© Reuters / Beawiharta Beawiharta
We study the welfare, energy poverty, and CO2 emission implications of energy price change scenarios in Indonesia. Our analysis extends previous analyses of energy price impacts at the household level in several ways. First, by employing a household energy demand system (QUAIDS), we are able to distinguish between first‐ and second‐order welfare effects over the income distribution. Our analysis shows considerable heterogeneity of welfare impacts. For gasoline and electricity, first‐order calculations overestimate welfare effects by 10 to 20 per cent for price changes between 20 and 50 per cent. Second, our results point to the ownership of energy‐processing durables as another source of impact heterogeneity. Poor households that own these goods may be hit particularly strongly by energy price increases. Third, we extend the welfare analysis beyond the money‐metric utility effects and look at energy poverty, which is understood as the absence of or imperfect access to reliable and clean modern energy services. Drawing on the estimated demand function, we find that price increases have substantial effects on energy poverty. Fourth, our analysis explicitly considers the emissions effects of energy price scenarios. We find that reduced household energy demand implies a substantial reduction in emissions. The analysis thus indicates that energy prices may serve as an effective mitigation instrument but also have important adverse welfare effects. The latter can, however, be mitigated by appropriate compensation policies.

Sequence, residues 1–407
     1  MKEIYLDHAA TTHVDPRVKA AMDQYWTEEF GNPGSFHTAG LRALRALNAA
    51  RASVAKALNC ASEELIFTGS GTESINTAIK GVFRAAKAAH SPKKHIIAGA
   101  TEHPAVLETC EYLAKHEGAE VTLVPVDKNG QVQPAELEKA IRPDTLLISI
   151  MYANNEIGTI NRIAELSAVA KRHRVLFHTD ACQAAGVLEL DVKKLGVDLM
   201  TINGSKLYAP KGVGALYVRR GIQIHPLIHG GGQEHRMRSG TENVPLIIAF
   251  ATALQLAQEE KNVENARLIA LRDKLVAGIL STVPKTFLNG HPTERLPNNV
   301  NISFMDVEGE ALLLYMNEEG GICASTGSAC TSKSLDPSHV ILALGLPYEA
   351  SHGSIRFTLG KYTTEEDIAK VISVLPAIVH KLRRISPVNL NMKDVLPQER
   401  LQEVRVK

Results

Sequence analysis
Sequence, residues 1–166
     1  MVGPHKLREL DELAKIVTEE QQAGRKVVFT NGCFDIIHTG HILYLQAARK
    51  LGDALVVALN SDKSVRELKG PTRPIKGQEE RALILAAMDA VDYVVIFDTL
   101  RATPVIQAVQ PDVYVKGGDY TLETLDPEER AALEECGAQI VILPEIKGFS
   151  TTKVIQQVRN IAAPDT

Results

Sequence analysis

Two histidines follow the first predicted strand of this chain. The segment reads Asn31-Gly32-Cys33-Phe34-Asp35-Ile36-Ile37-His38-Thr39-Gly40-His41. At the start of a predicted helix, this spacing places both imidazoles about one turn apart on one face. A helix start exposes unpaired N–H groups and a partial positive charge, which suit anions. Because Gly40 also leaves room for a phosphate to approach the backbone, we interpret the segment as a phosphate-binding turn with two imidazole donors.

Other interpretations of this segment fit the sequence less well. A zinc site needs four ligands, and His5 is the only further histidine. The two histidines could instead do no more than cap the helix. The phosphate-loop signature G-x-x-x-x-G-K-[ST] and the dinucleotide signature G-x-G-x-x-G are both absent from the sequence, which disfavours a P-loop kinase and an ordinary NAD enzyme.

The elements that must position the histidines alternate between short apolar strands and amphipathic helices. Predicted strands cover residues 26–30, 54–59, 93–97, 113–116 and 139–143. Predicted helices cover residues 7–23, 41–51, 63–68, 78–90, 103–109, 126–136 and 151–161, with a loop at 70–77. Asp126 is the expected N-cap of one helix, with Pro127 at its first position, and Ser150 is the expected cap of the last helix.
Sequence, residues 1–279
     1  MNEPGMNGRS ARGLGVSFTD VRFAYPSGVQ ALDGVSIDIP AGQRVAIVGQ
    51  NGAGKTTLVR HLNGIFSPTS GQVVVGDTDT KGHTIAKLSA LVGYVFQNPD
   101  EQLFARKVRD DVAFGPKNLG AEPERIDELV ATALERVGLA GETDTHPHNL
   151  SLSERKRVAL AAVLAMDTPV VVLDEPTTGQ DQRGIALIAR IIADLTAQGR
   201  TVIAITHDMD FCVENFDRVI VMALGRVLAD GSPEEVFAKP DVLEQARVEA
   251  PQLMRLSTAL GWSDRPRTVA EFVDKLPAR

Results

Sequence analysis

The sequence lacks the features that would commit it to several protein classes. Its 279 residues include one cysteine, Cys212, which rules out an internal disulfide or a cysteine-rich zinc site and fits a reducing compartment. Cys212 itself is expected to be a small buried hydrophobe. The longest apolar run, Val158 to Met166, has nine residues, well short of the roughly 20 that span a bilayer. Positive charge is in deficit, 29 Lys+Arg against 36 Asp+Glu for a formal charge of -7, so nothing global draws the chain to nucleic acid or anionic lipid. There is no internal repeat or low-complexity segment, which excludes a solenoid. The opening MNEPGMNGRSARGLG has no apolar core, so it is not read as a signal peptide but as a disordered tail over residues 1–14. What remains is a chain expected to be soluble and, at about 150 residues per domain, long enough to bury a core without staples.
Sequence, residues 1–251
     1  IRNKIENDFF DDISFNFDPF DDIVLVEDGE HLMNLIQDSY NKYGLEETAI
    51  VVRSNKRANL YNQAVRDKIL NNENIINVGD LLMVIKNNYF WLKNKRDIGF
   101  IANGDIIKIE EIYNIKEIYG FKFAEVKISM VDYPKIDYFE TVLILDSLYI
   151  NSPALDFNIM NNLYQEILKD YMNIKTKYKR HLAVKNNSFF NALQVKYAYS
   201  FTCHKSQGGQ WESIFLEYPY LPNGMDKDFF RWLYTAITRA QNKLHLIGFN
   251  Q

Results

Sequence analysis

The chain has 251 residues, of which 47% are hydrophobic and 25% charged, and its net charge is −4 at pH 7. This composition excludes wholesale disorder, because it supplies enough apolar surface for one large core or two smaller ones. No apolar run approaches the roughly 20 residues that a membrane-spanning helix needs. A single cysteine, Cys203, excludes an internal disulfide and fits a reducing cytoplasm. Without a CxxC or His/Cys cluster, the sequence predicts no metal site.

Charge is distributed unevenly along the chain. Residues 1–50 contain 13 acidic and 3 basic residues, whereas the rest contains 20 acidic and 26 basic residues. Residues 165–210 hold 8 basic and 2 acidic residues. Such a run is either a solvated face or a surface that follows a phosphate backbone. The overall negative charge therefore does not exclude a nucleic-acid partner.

in: Christopher Fleming / Matthew Manning (eds.), Routledge Handbook of Indigenous Wellbeing, London: Routledge, forthcoming
Environment and Development Economics, 24, 2019, 2, 180-200
The Journal of Economic Inequality, 16, 2018, 4, 631-653
GIGA Focus Afrika, 06/2018